From the moment I could toddle around a fishing hole, I fooled fish into biting just about anything. I would certainly eat just about anything as a growing boy, and I expected nothing less from creatures with brains the size of a Froot Loop.
This philosophy worked well—for a while. Somehow, as I grew older and my brain got bigger, my noggin just couldn’t keep up with the fish. Perhaps I erred by not majoring in fisheries biology, because my once-infallible techniques began to produce poor results—and more than one tantrum. I used to be the best of the best. But those golden days are behind me now, and I’m still struggling to work out what went wrong.
It all started at Trout Haven in the Black Hills of South Dakota. I began fishing there with kernels of corn and a cane pole. I didn’t really have to learn—I just knew how to make magic happen. Every time I dropped my line in the water, I would yank out a fat rainbow. I mean, every dang time. And when I’d caught just about every fish in the pond, a nice man would tip a bucket of trout into the water for me to hook next. I was a master at the ripe young age of four. A prodigy, you might say.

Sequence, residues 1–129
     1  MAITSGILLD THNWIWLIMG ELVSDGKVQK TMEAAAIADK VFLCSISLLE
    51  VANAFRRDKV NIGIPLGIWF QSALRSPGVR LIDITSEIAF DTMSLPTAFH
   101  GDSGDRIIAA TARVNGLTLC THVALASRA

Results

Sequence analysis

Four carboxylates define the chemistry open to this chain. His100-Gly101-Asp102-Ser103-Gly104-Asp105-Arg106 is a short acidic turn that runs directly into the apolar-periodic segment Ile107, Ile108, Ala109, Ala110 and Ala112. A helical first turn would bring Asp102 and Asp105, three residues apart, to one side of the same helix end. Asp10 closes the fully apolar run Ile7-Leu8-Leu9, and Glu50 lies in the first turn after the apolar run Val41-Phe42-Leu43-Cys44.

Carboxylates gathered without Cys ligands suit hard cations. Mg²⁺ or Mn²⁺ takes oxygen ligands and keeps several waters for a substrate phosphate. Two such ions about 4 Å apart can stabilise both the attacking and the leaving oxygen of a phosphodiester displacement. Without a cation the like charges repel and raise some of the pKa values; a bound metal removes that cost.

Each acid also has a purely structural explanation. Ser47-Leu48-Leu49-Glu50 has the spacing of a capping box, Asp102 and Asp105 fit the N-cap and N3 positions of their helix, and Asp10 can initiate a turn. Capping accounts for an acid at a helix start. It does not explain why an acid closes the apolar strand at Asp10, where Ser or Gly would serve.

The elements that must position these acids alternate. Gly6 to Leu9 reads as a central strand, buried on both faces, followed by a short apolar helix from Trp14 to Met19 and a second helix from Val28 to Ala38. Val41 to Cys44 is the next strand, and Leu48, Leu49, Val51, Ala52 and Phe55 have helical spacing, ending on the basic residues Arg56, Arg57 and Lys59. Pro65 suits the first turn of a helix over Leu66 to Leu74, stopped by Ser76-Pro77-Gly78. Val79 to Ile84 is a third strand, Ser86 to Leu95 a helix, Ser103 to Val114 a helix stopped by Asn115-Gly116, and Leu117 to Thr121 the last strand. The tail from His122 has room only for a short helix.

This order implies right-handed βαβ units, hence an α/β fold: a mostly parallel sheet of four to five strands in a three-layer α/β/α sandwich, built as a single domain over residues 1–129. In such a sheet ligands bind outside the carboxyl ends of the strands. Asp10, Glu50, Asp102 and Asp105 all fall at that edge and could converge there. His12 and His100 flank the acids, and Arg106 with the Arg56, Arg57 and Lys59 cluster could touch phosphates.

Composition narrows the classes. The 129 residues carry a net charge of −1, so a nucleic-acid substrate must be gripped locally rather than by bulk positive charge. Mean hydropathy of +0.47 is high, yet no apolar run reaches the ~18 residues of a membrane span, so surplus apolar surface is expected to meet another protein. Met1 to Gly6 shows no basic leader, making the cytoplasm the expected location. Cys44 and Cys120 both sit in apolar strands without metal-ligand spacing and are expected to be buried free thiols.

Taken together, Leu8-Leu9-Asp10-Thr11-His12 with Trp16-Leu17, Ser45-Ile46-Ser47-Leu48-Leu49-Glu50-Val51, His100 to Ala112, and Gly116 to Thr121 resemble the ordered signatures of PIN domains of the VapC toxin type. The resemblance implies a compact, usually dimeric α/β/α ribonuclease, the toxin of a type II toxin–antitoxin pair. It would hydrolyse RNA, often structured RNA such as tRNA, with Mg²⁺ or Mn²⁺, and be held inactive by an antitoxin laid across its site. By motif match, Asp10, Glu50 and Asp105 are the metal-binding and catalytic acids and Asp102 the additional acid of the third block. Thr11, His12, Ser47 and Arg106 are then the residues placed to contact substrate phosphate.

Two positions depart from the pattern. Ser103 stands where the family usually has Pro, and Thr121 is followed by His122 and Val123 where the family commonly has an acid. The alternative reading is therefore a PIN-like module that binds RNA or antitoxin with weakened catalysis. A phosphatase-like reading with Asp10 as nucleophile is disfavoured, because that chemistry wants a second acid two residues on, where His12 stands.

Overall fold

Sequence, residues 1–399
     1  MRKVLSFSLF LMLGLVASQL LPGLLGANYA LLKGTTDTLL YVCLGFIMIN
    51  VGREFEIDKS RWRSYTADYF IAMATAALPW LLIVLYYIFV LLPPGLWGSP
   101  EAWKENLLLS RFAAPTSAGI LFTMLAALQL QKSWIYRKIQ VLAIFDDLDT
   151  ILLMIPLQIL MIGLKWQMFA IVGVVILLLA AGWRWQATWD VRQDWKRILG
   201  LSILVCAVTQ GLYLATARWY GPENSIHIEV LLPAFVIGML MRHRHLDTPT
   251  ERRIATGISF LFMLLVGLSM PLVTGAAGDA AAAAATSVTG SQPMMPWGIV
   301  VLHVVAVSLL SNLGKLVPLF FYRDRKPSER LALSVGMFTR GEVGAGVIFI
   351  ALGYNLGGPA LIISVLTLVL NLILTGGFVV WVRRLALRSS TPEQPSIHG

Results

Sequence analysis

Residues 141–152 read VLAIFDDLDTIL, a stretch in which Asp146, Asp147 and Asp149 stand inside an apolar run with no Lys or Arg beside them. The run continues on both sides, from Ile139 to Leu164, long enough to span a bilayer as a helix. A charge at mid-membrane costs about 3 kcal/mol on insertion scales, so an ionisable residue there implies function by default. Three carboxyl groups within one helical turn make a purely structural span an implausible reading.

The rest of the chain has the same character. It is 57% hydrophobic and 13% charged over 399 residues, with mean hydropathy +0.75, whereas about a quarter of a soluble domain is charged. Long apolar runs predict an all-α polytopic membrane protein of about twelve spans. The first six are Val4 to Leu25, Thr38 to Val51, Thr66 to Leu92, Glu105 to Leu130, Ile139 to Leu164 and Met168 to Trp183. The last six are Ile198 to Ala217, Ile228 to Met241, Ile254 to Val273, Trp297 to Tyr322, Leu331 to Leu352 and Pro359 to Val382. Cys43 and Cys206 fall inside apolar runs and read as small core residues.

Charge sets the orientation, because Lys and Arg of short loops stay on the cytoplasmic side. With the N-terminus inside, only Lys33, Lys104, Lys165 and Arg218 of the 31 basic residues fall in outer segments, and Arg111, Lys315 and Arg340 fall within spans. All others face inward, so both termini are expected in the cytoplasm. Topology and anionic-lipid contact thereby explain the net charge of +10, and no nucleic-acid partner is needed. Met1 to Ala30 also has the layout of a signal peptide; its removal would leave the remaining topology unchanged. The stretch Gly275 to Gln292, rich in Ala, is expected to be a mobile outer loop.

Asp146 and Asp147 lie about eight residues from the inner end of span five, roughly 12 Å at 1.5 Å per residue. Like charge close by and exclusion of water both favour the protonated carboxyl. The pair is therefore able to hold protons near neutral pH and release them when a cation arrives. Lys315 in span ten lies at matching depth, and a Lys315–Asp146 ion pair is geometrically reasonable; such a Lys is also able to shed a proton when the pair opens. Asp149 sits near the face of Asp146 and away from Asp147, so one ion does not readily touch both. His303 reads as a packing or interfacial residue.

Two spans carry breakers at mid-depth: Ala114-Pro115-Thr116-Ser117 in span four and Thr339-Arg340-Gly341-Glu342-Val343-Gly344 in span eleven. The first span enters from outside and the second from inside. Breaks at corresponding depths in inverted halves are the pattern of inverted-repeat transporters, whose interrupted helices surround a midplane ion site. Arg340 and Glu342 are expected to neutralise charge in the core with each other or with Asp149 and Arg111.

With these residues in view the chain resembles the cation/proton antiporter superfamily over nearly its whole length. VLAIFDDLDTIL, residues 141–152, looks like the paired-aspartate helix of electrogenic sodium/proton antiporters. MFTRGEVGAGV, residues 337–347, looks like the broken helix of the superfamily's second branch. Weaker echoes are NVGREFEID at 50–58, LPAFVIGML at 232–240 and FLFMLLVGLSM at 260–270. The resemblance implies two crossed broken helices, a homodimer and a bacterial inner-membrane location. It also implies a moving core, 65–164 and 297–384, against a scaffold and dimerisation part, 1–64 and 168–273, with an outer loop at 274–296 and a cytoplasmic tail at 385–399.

Soon I graduated to panfish. I was short on corn, but remained convinced that fish loved their veggies. I swiped a handful of pea pods from my neighbor’s garden, but after a few minutes passed without a bite, I started to panic.
Ole Mr. Rogers took pity on me and, possibly wishing to save his garden from my grubby paws, shared a little secret.
“Ditch the produce,” he said. “And try a minnow and a bobber.”
Soon, I had a bite. The success instantly went to my head. I was back, baby.
At the end of the day, however, there was still something niggling at the corner of my mind like a worm squirming on a hook: I was landing fish, yes—but no longer with each cast.
Years passed and the trend continued. As a teenager I tried to tame the meanest beast in our waters, the northern pike. The old- timer at the bait store said spring thaw was the best time and smelt was the stinky stuff I should use, but luck was never on my side.
Now walleyes are my passion, and I’ve tried every possible technique to catch a limit on a regular basis. I’ve cast every lure from carrots and hot dogs to traditional live and artificial baits. We’re talking everything in the book short of dynamite. I’ve watched videos, asked the pros, read the books, Googled it, and even tried talking to the fish.
But nothing seems to work as well as corn and a cane pole.
I guess prodigies hit their prime at a young age, because things have really gone downhill since the carefree days of my youth. I guess I’m still looking for a man with a bucket of fish to help me out of my slump.
But there’s hope on the horizon for me yet. I’ve decided I’m going back to school. Not for fisheries biology or wildlife management, though. No, I’m thinking contracting.
Perhaps a little blasting and demolition.
Illustration by Michael Byers